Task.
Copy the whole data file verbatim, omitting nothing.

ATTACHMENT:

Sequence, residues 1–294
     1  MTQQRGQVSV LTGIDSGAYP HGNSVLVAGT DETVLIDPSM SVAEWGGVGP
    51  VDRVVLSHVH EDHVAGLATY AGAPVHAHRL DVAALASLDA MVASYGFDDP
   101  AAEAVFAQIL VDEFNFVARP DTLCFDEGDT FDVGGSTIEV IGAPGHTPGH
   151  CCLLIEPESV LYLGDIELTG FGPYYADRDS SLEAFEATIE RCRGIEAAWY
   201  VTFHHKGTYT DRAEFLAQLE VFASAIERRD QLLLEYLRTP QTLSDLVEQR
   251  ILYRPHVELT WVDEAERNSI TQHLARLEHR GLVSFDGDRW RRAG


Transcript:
Sequence, residues 1–294
     1  MTQQRGQVSV LTGIDSGAYP HGNSVLVAGT DETVLIDPSM SVAEWGGVGP
    51  VDRVVLSHVH EDHVAGLATY AGAPVHAHRL DVAALASLDA MVASYGFDDP
   101  AAEAVFAQIL VDEFNFVARP DTLCFDEGDT FDVGGSTIEV IGAPGHTPGH
   151  CCLLIEPESV LYLGDIELTG FGPYYADRDS SLEAFEATIE RCRGIEAAWY
   201  VTFHHKGTYT DRAEFLAQLE VFASAIERRD QLLLEYLRTP QTLSDLVEQR
   251  ILYRPHVELT WVDEAERNSI TQHLARLEHR GLVSFDGDRW RRAG